• Was amazed by the last bit of information on the how many steps you need to walk in order to be considered "active". I work in an office and sit all day. I'm very lucky my employer allows me to walk twice a day for 30 min each. I'm still not up to active status, only getting in 7000-8000 steps a day. But I do have to say after having used a cheap pedometer and then purchasing a Fitbit Surge, I recommend to all, all you need is a cheap pedometer. Does exactly what you need to count your steps for the day and tracking that information on Spark People does the rest. I'm finding that exercising doesn't have to be expensive unless you want it to. There are less expensive alternatives out there that do just as good. It's all about your personal preferences.
  • This article is on point. I find I'm more motivated by reaching my step goal than fitness minutes.
  • I have a Fitbit and really like it. It goes on first thing in the morning. It's not as easy as you think to get steps in, especially if you work in an office. Also, if you can't walk for long periods it will be a challenge to get over 5,000 steps in.
  • Great article. I love to walk.
    I love my pedometer, can't live without it. My husband bought me 1 for valentines day this year, b/c my lat one broke.(i go thur these like crazy) anyway i usually put 10,000 steps plus. ion good days I can can reach 20,000 steps that's when i walk twice that day. I'm not sure if it helps me loose tons of weight as I have been at this level of weight loss for a month now (4#s) but i feel better when i'm walking.
  • KYOSHI216
    I think a pedometer is great but I work very close to a vibrating machine. I'm sure it puts the numbers out of whack. I also don't really understand how to set one up.
  • My pedometer is my "stealth tool". I really don't know a better motivator to keep moving. I've gone from being ultra-efficient around the house to making multiple trips up and down the stairs, just to get the numbers up. Of course it's invaluable during workouts, too. Many times I'll add another 15 minutes to my workout, based on my demonstrated level of activity during the day.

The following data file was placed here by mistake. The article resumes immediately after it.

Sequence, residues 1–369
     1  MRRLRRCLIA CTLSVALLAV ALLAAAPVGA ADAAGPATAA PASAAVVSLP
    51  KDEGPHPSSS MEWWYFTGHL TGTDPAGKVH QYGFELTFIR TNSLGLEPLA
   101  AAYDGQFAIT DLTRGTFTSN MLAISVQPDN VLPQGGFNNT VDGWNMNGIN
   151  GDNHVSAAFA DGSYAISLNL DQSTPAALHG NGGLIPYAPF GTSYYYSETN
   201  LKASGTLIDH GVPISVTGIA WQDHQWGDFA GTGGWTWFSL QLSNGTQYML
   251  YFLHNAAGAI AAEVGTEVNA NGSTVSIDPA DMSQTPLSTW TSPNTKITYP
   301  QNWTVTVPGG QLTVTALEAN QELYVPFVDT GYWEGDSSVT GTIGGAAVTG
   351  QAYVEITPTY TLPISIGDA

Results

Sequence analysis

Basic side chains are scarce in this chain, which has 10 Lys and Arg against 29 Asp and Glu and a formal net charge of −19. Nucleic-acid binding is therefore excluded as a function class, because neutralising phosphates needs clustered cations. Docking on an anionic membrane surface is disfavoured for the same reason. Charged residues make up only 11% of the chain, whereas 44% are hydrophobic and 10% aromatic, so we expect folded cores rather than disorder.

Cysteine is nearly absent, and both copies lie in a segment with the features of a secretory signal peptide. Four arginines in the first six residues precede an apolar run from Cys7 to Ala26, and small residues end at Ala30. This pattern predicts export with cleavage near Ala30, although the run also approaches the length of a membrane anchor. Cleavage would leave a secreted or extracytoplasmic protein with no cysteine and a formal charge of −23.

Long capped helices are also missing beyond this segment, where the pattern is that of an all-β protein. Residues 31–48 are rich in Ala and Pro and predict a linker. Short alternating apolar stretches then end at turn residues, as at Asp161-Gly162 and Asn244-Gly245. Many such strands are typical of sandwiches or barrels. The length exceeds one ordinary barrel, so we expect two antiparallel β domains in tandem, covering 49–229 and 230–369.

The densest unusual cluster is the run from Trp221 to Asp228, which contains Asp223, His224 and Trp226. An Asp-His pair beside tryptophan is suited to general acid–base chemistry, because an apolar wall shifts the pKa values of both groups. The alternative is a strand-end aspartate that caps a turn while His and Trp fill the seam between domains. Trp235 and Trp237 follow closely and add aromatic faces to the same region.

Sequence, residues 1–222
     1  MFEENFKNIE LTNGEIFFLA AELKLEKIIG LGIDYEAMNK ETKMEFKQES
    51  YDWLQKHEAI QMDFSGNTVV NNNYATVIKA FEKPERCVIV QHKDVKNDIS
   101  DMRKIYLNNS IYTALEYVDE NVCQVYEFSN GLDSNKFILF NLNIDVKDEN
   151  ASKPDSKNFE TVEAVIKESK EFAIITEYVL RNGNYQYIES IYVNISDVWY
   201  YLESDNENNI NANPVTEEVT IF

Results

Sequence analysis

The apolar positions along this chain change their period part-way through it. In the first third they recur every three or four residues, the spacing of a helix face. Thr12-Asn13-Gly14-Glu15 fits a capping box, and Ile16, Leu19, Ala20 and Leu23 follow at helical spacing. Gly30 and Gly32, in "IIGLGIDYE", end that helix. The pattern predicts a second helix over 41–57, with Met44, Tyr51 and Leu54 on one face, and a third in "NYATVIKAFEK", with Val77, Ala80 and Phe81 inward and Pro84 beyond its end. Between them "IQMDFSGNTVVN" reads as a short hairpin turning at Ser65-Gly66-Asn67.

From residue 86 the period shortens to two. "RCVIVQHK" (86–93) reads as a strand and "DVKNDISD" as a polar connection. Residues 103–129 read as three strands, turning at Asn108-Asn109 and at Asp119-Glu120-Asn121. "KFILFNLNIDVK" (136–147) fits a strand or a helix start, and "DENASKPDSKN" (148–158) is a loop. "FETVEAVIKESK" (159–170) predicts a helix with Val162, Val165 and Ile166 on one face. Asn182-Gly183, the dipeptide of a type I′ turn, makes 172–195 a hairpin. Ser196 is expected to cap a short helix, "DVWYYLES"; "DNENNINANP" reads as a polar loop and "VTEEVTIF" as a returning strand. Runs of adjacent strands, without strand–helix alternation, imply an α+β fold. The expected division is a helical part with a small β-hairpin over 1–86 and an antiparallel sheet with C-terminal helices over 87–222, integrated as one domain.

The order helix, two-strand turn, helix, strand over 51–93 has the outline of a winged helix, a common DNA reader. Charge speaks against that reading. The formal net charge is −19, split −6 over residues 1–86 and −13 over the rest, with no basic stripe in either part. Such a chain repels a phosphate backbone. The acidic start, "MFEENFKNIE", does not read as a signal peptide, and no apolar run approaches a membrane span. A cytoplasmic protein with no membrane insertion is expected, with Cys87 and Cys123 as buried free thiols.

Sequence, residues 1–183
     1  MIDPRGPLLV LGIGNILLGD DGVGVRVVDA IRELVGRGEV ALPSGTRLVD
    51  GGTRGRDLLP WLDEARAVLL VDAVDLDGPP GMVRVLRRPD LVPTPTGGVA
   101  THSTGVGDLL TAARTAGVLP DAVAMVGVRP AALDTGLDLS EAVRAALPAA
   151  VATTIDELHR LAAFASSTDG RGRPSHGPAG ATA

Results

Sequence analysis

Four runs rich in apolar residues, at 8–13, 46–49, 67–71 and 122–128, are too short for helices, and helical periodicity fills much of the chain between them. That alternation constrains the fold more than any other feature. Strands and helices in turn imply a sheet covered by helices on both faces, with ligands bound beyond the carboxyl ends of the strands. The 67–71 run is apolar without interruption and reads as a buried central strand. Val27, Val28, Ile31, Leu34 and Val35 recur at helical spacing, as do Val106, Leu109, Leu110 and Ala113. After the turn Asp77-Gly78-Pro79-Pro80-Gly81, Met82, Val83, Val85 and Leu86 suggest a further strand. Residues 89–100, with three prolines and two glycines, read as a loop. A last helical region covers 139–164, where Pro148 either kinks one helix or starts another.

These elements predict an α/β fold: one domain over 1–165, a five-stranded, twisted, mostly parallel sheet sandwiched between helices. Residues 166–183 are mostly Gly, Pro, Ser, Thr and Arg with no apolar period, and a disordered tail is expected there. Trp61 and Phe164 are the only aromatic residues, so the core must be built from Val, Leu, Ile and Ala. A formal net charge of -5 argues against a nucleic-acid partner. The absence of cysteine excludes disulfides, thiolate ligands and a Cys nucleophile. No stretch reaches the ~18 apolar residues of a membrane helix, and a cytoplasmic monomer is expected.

I really cannot do without it and I've given a number as gifts, too.
  • Pedometers are a great way to get motivated and compete with yourself to reach a daily target. And walking is free!
  • I too love my Pedometer. I have an older OMRON that is falling apart. It has survived hundreds of falls from carrying kids and getting knocked off my belt. I've tried two different ones, but they just aren't as nice as this one. I don't know what'll I do when this guy finally kicks the bucket!
  • My pedometer gets put on as soon as I get out of bed and hit the bathroom regardless of pj or workout clothes. I keep "my little buddy" with me all day long until I know I am truly done for the day and am going to be just "vegging" before bedtime. Its amazing how much that little guy motivates me to get up and keep moving when I look down and see I just need a few more steps or doing a little more will put me just above the day before. I've talked a lot of people into getting one and strapping it on. Plus for those who aren't currently active it gives you something to aim for each day and try to increase by small increments until your numbers seem to be zooming by in the day! :)

About The Author

Nicole Nichols Nicole Nichols
A certified personal trainer and fitness instructor with a bachelor's degree in health education, Nicole loves living a healthy and fit lifestyle and helping others do the same. Nicole was formerly SparkPeople's fitness expert and editor-in-chief, known on the site as "Coach Nicole." Make sure to explore more of her articles and blog posts.